In the months between the DOJ sending that false letter to Grassley, and its subsequent retraction, congressional investigators held multiple hearings and interviewed many witnesses behind closed doors. They continued searching for documents and in early October, they found that Holder himself was sent a series of memos detailing the gunwalking tactics used in Fast and Furious. In the time since Congress obtained them, Holder has said he didn’t read the memos.
The discovery of those memos — and Holder’s statements that he didn’t read them — sparked scores of members of Congress to demand his resignation. A total of 129 House members have called for Holder to go. Three U.S. senators, two sitting governors and presumptive GOP presidential nominee former Massachusetts Gov. Mitt Romney join those congressmen in demanding Holder’s ouster.
When The Daily Caller asked him about the surge in congressional calls for his resignation in late November 2011 at a White House event, Holder attacked TheDC rather than responding, saying, “You guys need to — you need to stop this. It’s not an organic thing that’s just happening — you guys are behind it.”
Since then, Holder has accused his critics of being racists and he has attacked members of Congress during hearings, all while continuing to stonewall congressional investigators and not holding anyone accountable for Fast and Furious.
One DOJ official decided to plead the Fifth Amendment to avoid incriminating himself while testifying about Fast and Furious before Oversight Committee investigators.
Shortly after congressional investigators discovered the memos Holder says he didn’t read, Issa served Holder with a subpoena. Holder has demonstrably failed to comply with all 22 parts of that congressional subpoena that Issa served him last October. With respect to 13 of the subpoena’s categories, Holder has provided no documents. He is not fully compliant with the subpoena’s other sections, either.
Holder has continually denied the DOJ’s involvement in, or awareness of, Fast and Furious and its gunwalking tactics, blaming ATF officials in Phoenix for coming up with and orchestrating the scheme. Now, though, Issa says he has documents that prove those Holder’s statements are false.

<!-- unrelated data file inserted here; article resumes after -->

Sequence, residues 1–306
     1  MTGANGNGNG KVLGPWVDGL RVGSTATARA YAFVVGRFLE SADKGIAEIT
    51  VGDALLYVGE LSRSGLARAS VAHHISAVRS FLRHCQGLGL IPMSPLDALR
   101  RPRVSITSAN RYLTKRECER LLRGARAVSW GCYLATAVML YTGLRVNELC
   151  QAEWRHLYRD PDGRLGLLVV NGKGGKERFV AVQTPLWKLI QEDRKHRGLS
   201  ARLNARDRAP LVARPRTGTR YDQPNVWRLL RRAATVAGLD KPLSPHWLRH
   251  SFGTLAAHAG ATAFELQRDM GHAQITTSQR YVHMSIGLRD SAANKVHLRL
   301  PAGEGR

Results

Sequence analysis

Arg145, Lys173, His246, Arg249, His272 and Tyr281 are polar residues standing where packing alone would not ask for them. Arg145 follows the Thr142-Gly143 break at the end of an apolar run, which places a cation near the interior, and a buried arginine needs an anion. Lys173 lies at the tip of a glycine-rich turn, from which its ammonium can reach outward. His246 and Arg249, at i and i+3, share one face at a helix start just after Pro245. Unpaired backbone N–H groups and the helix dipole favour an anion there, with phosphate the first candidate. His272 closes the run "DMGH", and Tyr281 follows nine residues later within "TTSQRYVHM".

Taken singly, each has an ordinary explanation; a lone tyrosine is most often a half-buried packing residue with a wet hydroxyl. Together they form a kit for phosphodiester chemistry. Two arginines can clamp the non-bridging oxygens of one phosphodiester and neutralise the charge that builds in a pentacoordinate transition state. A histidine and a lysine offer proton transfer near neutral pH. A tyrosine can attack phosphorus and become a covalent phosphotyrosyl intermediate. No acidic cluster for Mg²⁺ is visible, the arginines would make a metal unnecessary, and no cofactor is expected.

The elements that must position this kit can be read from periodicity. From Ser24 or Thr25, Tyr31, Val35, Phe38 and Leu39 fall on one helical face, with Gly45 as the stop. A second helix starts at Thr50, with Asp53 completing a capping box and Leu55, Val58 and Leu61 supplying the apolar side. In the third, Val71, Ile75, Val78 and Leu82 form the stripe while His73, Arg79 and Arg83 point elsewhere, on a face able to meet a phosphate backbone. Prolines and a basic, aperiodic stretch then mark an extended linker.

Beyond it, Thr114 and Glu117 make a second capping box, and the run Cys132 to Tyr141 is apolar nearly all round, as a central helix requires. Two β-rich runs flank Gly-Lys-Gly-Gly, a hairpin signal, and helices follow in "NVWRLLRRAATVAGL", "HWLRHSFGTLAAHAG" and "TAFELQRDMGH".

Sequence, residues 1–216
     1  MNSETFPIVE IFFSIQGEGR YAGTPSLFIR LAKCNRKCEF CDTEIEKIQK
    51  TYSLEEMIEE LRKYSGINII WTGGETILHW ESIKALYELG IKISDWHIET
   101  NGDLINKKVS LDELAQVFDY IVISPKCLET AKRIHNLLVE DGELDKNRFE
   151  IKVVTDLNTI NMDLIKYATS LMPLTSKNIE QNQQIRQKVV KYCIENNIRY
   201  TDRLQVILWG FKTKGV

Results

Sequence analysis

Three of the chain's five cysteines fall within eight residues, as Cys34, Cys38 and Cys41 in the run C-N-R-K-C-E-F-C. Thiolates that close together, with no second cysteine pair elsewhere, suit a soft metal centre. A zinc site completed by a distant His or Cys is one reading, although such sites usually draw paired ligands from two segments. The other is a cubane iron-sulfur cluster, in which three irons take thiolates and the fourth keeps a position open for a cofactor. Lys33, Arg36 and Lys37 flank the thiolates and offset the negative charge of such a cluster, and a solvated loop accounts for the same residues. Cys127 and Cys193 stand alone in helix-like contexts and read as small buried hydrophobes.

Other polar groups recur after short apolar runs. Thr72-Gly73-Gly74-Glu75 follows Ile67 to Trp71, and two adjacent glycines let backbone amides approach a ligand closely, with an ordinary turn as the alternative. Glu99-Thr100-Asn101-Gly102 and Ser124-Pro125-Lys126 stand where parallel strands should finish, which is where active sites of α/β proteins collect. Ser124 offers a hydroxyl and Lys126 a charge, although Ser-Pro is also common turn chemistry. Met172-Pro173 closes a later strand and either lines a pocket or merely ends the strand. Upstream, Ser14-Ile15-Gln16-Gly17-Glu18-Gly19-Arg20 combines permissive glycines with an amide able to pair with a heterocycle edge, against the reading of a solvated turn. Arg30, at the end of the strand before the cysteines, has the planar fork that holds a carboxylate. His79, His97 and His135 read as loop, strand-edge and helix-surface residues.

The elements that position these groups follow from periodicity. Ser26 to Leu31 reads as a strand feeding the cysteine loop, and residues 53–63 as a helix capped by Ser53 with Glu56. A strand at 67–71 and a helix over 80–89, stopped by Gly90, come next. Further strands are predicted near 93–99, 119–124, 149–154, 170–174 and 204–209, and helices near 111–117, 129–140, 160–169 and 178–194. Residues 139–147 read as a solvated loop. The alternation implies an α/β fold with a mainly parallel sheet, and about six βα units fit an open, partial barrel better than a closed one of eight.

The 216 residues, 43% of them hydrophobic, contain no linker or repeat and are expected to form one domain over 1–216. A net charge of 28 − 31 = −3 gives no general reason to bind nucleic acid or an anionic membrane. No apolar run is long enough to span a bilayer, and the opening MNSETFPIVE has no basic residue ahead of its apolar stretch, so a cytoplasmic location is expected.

In the letter, Issa said Holder’s comments at a Sept. 7, 2011 press conference, an Oct. 7, 2011 letter he wrote to Congress and two different instances where he testified before different congressional committees — testimony he gave to the Senate Judiciary Committee on Nov. 8, 2011, and to the House Oversight Committee on Feb. 2, 2012 — were incorrect.
In each of those statements, Holder denied that senior Department of Justice officials were aware of gun-walking tactics used in Fast and Furious — something that has since been shown to be incorrect.
“We now know all that all of these statements are not accurate,” Issa wrote to Holder.
Issa also told Holder in that letter that Deputy Attorney General James Cole — the DOJ’s No. 2 in command — made a false statement to Congress as recently as May 2012. “In a May 15, 2012 letter, the deputy attorney general reiterated the department’s position that the ‘inappropriate tactics used in Fast and Furious … were not initiated of authorized by department leadership in Washington.’”
“We now know that statement is false,” Issa said.
Mexico’s ambassador to the United States recently announced that his country has launched its own investigation into Fast and Furious, and that the Mexican people have lost faith in the U.S. government because of the scandal.
“Regardless of whether this was or was not the intent or the design of Fast and Furious, the thinking that you can let guns walk across the border and maintain operational control of those weapons is really an outstanding lack of understanding of how these criminal organizations are operating on both sides of our common borders,” the ambassador, Arturo Sarukhan, said last week, adding that he thinks the Obama administration had significantly damaged its popularity in Mexico.